Our first pregnancy was a surprise, a much-wanted one but also a unicorn, "first try" kind of pregnancy. As my belly grew bigger, so did my insecurities. How do you even mom when you never saw motherhood in your future? I focused all my uncertainties on coming up with a plan for the delivery of my baby—which proved to be a terrible idea when my dreamed-of unmedicated vaginal birth turned into an emergency C-section. I couldn't even start motherhood the way I wanted, I thought. And that feeling happened again when I couldn't breastfeed and instead had to pump and bottle-feed. And once more, when all the stress from things not going my way turned into debilitating postpartum anxiety that left me not really enjoying my brand new baby.

As my baby grew, slowly so did my confidence that I could do this. When he would tumble to the ground while learning how to walk and only my hugs could calm him, I felt invincible. But on the nights he wouldn't sleep—whether because he was going through a regression, a leap, a teeth eruption or just a full moon—I would break down in tears to my husband telling him that he was a better parent than me.

Then I found out I was pregnant again, and that this time it was twins. I panicked. I really cannot do two babies at the same time. I kept repeating that to myself (and to my poor husband) at every single appointment we had because I was just terrified. He, of course, thought I could absolutely do it, and he got me through a very hard pregnancy.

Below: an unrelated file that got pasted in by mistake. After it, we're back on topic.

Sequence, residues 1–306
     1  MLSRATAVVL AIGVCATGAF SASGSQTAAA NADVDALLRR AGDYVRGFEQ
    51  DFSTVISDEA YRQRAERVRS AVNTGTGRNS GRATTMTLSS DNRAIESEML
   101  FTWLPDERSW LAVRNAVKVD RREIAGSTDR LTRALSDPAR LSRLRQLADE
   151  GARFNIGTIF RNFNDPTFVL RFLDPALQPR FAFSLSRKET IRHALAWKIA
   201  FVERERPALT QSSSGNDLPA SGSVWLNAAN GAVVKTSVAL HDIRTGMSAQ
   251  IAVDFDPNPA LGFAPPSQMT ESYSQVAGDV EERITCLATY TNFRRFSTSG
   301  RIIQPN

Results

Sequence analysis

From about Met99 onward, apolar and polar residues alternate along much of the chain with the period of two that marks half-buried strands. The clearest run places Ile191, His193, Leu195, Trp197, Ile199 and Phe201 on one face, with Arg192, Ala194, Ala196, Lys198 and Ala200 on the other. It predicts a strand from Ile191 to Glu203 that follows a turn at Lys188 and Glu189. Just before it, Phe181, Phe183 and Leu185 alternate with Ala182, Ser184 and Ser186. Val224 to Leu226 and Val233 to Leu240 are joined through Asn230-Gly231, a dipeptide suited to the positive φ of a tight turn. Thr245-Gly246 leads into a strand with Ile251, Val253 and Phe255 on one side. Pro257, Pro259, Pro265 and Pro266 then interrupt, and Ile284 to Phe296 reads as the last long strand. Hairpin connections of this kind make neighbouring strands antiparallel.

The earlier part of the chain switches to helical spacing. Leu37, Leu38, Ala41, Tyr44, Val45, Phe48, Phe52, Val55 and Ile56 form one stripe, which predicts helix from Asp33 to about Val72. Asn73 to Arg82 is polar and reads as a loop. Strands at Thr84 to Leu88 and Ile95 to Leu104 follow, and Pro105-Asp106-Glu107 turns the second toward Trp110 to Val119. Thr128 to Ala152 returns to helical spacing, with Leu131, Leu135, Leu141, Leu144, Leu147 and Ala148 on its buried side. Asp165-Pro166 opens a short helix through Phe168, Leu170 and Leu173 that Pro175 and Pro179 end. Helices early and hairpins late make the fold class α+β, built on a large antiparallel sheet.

When the twins were born at full term and just as big as singleton babies, I still felt inadequate, despite the monumental effort I had made to grow these healthy babies and go through a repeat C-section to make sure they were both okay. I still felt my skin crawl when they cried and thought, What if I can't calm them down? I still turned to my husband for diaper changes because I wasn't a good enough mom for twins.

My husband reminded me (and still does) that I am exactly what my babies need. That I am enough. A phrase that has now become my mantra, both in motherhood and beyond, because as my husband likes to say, I'm the queen of selling myself short on everything.

So when my babies start crying, I tell myself that I am enough to calm them down.